Defaulting to kindness is this very simple idea that I try, rather mightily, to uphold in my day-to-day endeavours. It’s an easy and graceful thing that applies to relationships, work strategies, food on the table, the methods we choose, self care, and overall personal stillness. Dogma doesn’t muscle its way into such a direct mode of life. I don’t always succeed in this–that much has to be obvious. Inner landscapes are complex in the greatest of beings. I struggle under time constraints, matters of patience, when things go off the rails, disorganized dwellings, in the face of criticism… I become irritable as all hell if we’re being real.
So it’ll come as no surprise that, upon receiving some rather passive aggressive emails/messages of all sorts relating to this blog in the last couple weeks, I got thisclose to meeting those notions of skepticism with something to the tune of “OMG. BUT R U OK?” Hitting the send button was the next step in that absurdly demonstrative reply. Then I thought of kindness (almost begrudgingly), and trying to default to that state. The mere thought didn’t offer instantaneous optimism, but its warm lightbulb glow entered my realm of possibility in a gentle and persistent way. Slowly returning to the center, thank goodness.
I can appreciate having a point of view, dedication to a personal observation, and the confidence to bring it all forward. It’s silly to be dismissive of any and all reactions because… it’s just something that I do on the internet. Considering the point, trying to turn the scene around, saying thank you, having a better life (+ acknowledging that the internet is WAY REAL)–that’s all easy on paper and, as it turns out, easy in practice over time. Feeling much more solid in this space lately (this album on repeat and big cups of vanilla rooibos while sifting through the emails/everything else is helping) and I’m glad that you’re all here.
So in that vein, I thought I’d share more of an every day kindness that I grant myself. This is something you might catch me fixing up for lunch on a normal day. I might pre-roast the whole squash and make up the dressing at the beginning of the week, reheat the strands with some stock in a sauté pan and top it all up as I’ve done here. I never make a dressing or sauce the same way twice, and this peanut lime one is no exception. The list of ingredients seems long, but it’s largely a compilation of pantry items that can be subbed, swapped or chopped altogether.
Stay kind, in your life endeavours and your lunches, peeps. xo
spaghetti squash noodle bowl + lime peanut sauce recipe
notes: Definitely use the sharpest knife you’ve got for the spaghetti squash. You don’t want to be pulling a stubborn knife out of a half-cut squash, commanding someone nearby to dial 9 + 1 in standby emergency preparation
squash etc ingredients:
1 large spaghetti squash, cut in half lengthwise + seeds scooped out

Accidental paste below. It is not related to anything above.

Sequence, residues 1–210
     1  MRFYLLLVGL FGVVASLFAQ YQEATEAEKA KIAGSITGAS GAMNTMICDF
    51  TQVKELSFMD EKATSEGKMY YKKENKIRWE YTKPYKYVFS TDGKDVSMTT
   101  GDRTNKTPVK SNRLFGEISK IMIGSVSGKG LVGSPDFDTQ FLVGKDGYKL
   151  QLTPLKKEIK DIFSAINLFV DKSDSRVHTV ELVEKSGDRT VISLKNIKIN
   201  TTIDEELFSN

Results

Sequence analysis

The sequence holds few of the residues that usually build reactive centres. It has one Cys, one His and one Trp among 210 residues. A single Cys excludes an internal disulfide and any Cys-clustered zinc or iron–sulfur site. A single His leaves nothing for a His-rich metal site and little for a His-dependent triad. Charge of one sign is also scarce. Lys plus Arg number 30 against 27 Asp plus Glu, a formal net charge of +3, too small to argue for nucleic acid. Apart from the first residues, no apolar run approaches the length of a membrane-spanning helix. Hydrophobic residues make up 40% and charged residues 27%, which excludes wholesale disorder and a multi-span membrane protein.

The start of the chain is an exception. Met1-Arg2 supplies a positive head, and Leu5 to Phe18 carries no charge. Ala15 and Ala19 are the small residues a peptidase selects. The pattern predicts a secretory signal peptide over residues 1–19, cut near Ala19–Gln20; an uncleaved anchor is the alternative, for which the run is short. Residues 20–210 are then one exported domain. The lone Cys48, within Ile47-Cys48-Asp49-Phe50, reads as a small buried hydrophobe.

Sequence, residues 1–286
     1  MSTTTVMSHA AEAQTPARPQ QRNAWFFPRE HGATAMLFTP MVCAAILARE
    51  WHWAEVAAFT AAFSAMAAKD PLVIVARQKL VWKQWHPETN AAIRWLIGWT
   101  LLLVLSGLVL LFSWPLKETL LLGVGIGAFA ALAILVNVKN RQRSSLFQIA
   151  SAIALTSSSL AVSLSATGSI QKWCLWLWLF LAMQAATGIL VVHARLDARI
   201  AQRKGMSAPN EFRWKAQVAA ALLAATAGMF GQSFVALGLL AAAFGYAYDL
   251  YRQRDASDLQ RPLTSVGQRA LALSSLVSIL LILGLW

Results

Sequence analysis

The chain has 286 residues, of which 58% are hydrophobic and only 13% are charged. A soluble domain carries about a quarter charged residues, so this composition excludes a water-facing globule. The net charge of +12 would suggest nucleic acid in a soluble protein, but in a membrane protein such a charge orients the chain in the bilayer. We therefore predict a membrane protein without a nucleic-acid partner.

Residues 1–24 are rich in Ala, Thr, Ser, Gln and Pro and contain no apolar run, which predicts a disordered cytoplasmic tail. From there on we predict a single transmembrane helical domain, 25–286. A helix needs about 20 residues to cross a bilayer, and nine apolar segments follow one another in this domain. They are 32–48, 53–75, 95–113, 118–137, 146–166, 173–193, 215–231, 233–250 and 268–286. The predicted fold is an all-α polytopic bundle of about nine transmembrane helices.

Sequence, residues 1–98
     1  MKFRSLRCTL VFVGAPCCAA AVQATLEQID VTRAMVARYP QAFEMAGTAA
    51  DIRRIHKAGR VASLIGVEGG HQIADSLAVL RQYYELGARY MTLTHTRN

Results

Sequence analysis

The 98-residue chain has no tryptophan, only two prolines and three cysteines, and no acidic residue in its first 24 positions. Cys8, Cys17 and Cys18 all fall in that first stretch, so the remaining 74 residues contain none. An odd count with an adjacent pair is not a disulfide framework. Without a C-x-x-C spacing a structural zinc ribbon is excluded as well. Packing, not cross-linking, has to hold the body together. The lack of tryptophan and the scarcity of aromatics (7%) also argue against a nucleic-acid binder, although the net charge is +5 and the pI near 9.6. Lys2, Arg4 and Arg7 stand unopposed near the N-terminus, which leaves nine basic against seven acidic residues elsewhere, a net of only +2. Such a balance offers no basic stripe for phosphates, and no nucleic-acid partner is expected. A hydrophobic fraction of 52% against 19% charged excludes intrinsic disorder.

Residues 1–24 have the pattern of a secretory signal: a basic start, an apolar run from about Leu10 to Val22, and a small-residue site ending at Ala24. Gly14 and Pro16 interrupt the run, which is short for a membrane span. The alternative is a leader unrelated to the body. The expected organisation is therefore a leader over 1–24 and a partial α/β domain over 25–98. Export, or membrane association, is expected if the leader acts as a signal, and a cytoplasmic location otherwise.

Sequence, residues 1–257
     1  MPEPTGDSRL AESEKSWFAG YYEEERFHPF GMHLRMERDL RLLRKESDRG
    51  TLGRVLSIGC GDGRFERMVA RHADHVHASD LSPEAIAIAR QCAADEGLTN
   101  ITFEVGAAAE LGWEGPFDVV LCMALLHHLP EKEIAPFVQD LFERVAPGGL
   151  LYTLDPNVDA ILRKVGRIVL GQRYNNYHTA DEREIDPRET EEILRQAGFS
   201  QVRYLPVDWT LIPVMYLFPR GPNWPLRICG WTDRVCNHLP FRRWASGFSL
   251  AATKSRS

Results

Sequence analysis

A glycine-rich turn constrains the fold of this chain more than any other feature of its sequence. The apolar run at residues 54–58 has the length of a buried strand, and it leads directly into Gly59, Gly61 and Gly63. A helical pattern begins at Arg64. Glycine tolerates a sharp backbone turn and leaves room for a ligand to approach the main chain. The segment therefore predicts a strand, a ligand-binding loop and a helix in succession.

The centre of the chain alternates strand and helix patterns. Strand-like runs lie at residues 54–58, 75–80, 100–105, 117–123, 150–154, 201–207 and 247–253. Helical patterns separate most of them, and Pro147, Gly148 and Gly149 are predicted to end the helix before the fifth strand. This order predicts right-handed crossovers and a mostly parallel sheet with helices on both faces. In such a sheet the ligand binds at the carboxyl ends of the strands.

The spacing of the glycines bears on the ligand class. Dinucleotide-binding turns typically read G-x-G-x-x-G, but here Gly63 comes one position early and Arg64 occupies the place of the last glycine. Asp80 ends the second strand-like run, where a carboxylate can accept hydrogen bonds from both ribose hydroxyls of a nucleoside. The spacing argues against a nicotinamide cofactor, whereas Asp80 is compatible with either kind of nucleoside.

4-5 kale stalks (7-8 if you’re using lacinato), stems removed
1 shallot, peeled
1/2 cup chopped toasted nuts of your preference (I used cashews)
3 tbsp sesame seeds (toasted, raw, whatevs)
chopped leafy herb if you feel it (cilantro, mint, thai basil etc)
1 bunch of broccoli, cut into florets
salt + pepper
lime peanut sauce ingredients:
1/2 inch fresh ginger, peeled + rough chopped
2 cloves of garlic, peeled + rough chopped
1-2 tsp sriracha (or other hot sauce you like)
2 tbsp peanut butter (or tahini, sunflower seed butter, almond butter etc)
1 lime, peeled + chopped
1 tbsp rice vinegar (or apple cider/white wine vinegar)
2 tsp agave (or honey etc)
1.5 tbsp tamari soy sauce
little scoop of extra virgin coconut oil (optional, but I love the coconut fragrance here)
tiny splash of toasted sesame oil
1/2 cup grapeseed oil
Preheat the oven to 375 degrees F.
Line a baking sheet with parchment and place the squash halves, cut side down, onto the sheet. Bake for about an hour or until the flesh pulls away in easy strands.
While the squash is baking, slice the kale leaves into 1/3 inch-ish ribbons and place in a large bowl. Cut the shallot in half lengthwise, slice the halves into thin half-moons and set aside. Chop up the herbs and toasted nuts as well, set them aside with the shallows.
Once you’ve cut the broccoli, set a medium saucepan with about an inch of water over medium heat. Bring it to a simmer. Place the broccoli florets into a steamer basket and set aside until right before service.
Place all of the sauce ingredients in a blender and bend until fully incorporated. Taste for seasoning and set aside.
When squash is cool enough to handle, place the steamer basket of broccoli into the pot with the simmering water. Put a lid on it and allow broccoli to steam for 3-4 minutes, or desired doneness. While broccoli is steaming, scrape the spaghetti strands out with a fork into the large bowl with the sliced kale. The heat from the squash should wilt the kale slightly. Pour a big splash of the dressing into the bowl, season with salt and pepper and lightly toss the squash and kale.
Remove broccoli from the heat. Portion the squash and kale into 4 bowls. Top each bowl with the steamed broccoli, sliced shallots, chopped nuts, sesame seeds, chopped herbs and extra sauce.
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